Once upon a time Alexander and I broke the neon sign above the famous bar, then ran off. Bad boy, bad girl, hiding in the alleyway, laughing like we’d never grow old and bald and scrawny, the wizened figures rolling on the rug that we’ve since become. The drunken swirl of it all. The here and now and there and then. Memories collide: the shattered neon glass falling all around us, stinging rain. Like a painting. Like the kaleidoscope of the dancing girl’s tattoos.
* * *
These are summer classes. A vacation, if you can call a stay in a muggy Midwestern college town in summertime a vacation. I’ve been given twelve students, mostly women, a couple of men. I try not to get to know too much about them. It ruins things I think, their stories. They’re to be writing fiction, but almost always that means some glamorized version of their dull and dumb reality. They don’t go far in imagination and would be insulted if I were to try to push too hard in that direction. Offended to learn that the real story is somehow not enough. What can they do? Change a few facts. Add imagined elements. Trolls and princesses, for example. Wishes come true.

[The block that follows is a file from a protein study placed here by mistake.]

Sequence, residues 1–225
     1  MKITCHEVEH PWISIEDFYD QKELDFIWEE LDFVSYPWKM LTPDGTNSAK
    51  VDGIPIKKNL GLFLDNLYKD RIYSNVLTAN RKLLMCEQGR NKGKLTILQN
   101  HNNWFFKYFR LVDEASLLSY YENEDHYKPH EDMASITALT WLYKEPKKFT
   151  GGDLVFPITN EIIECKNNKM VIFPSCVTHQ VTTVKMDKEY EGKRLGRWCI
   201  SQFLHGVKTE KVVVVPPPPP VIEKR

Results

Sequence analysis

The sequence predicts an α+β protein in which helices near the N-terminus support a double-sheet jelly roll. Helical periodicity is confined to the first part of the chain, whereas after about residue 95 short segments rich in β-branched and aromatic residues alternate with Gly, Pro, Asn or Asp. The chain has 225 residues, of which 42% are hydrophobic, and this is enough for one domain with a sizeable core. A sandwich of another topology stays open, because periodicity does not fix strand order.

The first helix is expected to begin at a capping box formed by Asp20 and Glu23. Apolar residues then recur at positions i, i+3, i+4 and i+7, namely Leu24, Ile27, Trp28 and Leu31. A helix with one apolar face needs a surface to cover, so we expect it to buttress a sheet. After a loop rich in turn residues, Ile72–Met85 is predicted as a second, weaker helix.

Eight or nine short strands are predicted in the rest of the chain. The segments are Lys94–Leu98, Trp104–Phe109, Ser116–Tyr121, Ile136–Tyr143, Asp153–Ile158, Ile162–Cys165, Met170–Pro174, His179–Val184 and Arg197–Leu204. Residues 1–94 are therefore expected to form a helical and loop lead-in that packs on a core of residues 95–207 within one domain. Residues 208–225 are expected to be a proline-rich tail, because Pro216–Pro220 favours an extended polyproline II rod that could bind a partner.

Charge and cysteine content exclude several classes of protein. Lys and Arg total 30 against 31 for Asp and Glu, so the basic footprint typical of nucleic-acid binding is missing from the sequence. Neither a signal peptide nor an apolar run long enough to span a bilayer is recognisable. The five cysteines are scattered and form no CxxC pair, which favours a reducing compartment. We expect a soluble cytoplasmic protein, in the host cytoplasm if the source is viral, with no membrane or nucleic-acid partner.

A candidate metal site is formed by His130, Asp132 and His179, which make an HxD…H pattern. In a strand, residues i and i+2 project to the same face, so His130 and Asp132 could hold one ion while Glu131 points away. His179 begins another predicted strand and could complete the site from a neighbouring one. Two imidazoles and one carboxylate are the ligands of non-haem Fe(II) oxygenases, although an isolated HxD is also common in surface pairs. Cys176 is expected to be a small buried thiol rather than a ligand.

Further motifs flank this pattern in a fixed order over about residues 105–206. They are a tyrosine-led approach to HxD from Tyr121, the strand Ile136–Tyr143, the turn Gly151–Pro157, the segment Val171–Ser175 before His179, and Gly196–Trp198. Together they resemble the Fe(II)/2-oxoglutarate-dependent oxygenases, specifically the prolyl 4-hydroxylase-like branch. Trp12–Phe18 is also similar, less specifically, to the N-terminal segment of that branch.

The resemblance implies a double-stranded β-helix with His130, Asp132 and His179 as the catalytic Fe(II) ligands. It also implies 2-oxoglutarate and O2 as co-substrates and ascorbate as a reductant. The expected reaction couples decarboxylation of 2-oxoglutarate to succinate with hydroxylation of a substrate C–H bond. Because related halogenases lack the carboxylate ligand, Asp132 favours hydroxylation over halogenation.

It’s cold in this basement room, where the air-conditioning settles. You have to wear a sweater. They buy sweatshirts at the bookstore. My headache is a fierce white light; my clenched jaw is interpreted as a passion for the work.
In the evals they will go on about how much I care about them, but it isn’t true. I don’t give a fig. Middle-aged men with a twinkle in their eye, looking for more accomplishment in their lives. They’ve always wanted to write, to publish, to be famous. Lawyers, accountants, boys from the back room with families grown up, wives gone to scandal, big empty houses, failed marriages. While the women are like the women who were those wives. Their side of the story begs to unfold. His infidelity. How he left her for another, younger woman. Or her mother’s story. Her father’s. Something in there that must be told, and I grit my teeth and bite my tongue. I tell them, I don’t care so much about the content. It’s only the form that I can teach. The rest is up to you. They think that means I trust them.